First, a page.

At international levels, P3DM has been cited as a recommended process by CTA, UNDP, IFAD, GEF, UNESCO and more recently by IUCN in the context of the 2014 “Promise of Sydney”.  

From physical to digital  

Custodianship of the 3D model is important to determine where the models are stored and who is responsible for their conservation, use and updating. A model is useless if it is locked up in a room where people cannot access it, or if it is stored under a glass cover and becomes a museum piece. The models have to be part of everyday life. They are used to educate children about local geography and history. This is true of physical models which are usually under the direct control of the knowledge holders. However, their digital representation follows a different path and has usually different custodians.  

Once the data goes from physical to digital there is a risk that it will be misused or unwittingly shared. It is crucial that the intermediaries appointed as custodians of the data, are a trusted and reliable entity that will protect the data and respond to the community’s wishes in terms of data sharing. Trust and ethics play an important role in this. Research work may be extractive and could fail to consider that the mapping process should first and foremost benefit the knowledge holders. Unscrupulous individuals may entice people to share data to exploit resources. P3DM implies that a high level of ethics is applied and trust established between the actors involved: the knowledge holders and the technology intermediaries / facilitators.  

In 2006 the community of practitioners focusing on Participatory GIS practice has developed a guideline [3] on practical ethics for PGIS practitioners, facilitators, technology intermediaries and researchers to stimulate the adoption of good practice. It has been published in 12 languages and governs the way people doing participatory mapping should behave in the process of generating, handling, storing and sharing data. The code recommends that knowledge holders remain in full control throughout the process and that data are gathered and eventually shared with their free prior informed consent (FPIC).  

For the most part, P3DM data have been well protected. But there have been cases where data entered into a model were misused. In South-East Asia, there are accounts that graveyards located on a 3D model were plundered because such data were not removed and left accessible to the public. Therefore, it is important to make people aware of the implications of geo-locating sensitive data and making it public. They can then decide what to visualise, what to leave or remove from the model.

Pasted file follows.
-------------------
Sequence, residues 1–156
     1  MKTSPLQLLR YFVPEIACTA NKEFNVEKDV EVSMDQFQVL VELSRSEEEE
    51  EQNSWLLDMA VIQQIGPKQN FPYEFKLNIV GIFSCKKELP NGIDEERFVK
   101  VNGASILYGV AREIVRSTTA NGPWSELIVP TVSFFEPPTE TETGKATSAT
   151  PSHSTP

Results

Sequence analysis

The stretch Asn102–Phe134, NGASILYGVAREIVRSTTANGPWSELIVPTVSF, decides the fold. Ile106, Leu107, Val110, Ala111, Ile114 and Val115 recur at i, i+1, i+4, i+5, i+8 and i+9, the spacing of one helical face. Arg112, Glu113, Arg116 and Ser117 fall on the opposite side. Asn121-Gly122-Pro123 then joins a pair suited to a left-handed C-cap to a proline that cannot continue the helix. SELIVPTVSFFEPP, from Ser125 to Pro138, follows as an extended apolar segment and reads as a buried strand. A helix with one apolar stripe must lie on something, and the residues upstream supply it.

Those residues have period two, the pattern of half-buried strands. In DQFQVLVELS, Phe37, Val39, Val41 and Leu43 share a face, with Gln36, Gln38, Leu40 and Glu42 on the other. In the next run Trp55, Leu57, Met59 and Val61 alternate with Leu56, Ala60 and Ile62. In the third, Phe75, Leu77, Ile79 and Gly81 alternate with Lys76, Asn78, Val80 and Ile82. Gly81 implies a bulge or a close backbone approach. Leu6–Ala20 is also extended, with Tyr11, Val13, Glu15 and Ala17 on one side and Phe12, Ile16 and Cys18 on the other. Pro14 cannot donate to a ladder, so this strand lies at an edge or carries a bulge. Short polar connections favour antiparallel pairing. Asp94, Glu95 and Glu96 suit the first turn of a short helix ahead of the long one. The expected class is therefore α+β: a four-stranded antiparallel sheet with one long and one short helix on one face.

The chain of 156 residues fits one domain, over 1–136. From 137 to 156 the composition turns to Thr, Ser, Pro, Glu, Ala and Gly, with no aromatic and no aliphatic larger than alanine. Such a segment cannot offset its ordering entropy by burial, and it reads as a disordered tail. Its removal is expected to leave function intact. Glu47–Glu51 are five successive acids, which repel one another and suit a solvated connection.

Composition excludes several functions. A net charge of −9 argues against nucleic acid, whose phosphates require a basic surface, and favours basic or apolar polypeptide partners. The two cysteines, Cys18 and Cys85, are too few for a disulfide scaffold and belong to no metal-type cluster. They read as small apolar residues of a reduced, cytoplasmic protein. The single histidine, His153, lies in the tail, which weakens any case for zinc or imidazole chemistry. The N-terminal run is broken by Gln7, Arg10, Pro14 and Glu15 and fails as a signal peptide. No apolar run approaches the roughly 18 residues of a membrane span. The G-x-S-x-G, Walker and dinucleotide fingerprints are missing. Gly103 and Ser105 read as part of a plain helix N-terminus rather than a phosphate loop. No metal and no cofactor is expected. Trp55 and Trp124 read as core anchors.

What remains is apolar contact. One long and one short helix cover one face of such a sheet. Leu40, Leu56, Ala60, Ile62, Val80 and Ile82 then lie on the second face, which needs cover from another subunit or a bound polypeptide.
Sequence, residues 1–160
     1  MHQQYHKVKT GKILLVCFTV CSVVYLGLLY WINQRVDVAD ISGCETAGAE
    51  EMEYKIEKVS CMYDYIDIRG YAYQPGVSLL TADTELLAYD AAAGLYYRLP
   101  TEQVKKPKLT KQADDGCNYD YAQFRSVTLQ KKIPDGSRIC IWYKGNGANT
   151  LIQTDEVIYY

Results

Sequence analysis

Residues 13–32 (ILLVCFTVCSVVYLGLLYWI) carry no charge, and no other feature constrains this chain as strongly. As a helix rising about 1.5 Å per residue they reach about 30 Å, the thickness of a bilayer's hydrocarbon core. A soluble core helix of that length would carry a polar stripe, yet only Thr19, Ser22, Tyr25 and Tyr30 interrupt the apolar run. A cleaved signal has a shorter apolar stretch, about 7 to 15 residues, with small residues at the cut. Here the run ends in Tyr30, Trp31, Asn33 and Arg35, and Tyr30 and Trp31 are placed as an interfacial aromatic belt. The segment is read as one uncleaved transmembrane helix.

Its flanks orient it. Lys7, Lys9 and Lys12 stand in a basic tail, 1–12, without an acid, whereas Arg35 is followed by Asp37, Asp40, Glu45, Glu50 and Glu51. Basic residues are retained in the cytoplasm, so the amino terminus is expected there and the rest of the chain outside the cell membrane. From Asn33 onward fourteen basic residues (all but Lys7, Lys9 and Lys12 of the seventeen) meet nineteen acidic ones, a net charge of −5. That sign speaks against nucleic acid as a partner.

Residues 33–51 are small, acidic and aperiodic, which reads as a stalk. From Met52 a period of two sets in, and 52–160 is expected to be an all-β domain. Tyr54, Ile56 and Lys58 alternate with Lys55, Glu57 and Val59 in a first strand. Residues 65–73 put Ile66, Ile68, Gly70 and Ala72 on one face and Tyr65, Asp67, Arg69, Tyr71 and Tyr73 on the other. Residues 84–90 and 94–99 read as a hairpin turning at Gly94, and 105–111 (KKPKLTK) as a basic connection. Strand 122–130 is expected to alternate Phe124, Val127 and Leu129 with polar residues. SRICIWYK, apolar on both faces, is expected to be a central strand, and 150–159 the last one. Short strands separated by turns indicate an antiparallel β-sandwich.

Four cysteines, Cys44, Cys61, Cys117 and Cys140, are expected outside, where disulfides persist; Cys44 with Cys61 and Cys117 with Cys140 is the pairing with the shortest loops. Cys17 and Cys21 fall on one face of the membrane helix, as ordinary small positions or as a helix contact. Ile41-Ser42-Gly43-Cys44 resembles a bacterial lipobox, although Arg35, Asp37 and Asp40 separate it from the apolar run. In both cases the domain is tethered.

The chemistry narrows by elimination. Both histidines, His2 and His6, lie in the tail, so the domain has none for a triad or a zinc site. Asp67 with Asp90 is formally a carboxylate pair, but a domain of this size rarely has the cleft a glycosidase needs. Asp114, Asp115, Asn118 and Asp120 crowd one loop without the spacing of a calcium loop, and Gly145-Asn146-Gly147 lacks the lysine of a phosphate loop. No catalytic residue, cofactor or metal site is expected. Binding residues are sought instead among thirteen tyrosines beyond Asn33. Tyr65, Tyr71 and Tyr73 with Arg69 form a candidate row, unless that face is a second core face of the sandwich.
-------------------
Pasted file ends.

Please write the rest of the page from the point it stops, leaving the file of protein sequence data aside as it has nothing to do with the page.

One of the most important components of a P3DM process is to involve external agencies from the very beginning. This can raise awareness among “outsiders” about the depth, accuracy and relevance of local knowledge. This may induce a new sense of esteem for local knowledge holders.  


[1] P3DM for Participatory Land Use Planning (PLUP) in Thailand, Integrated Approaches to Participatory Development (IAPAD).  

[2] Participatory 3-Dimensional Modelling as a Strategy in Protected Area Planning and Sustainable Natural Resources Management. Memorandum, Department of Environment and Natural Resources, Republic of the Philippines, Integrated Approaches to Participatory Development (IAPAD).  

[3] Rambaldi, G., Chambers, R., MCcall M. And Fox, J. (2006) Practical ethics for PGIS practitioners, facilitators, technology intermediaries and researchers, Participatory Learning and Action, 54, IIED (April) 106-113.   

Related links - Main website for Participatory 3D Modelling (P3DM) - Largest online library on participatory mapping practice (gray literature) - Participatory 3-Dimensional Modelling: Guiding Principles and Applications; 2010 edition - Locations where P3DM has been implemented – non exhaustive list (video collection in English) (video collection in French) (Group of professionals interested in PGIS /PPGIS) (Participatory mapping blog) (Training Kit on Participatory mapping practice)

Banner image  
A woman contributes to the production of data for a 3D model (Telecho and Oromia villages in Ethiopia, 2010)

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Elders discuss the maps' features under the watchful eye of the youth (Telecho and Oromia villages in Ethiopia, 2010)

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Giacomo Rambaldi ( is Senior programme coordinator at the Technical Centre for Agricultural and Rural Cooperation (CTA).  

Engage in the debate on Twitter: @pgisatCTA and @ppgis

This article was also published on issue n. 79 of ICT Update magazine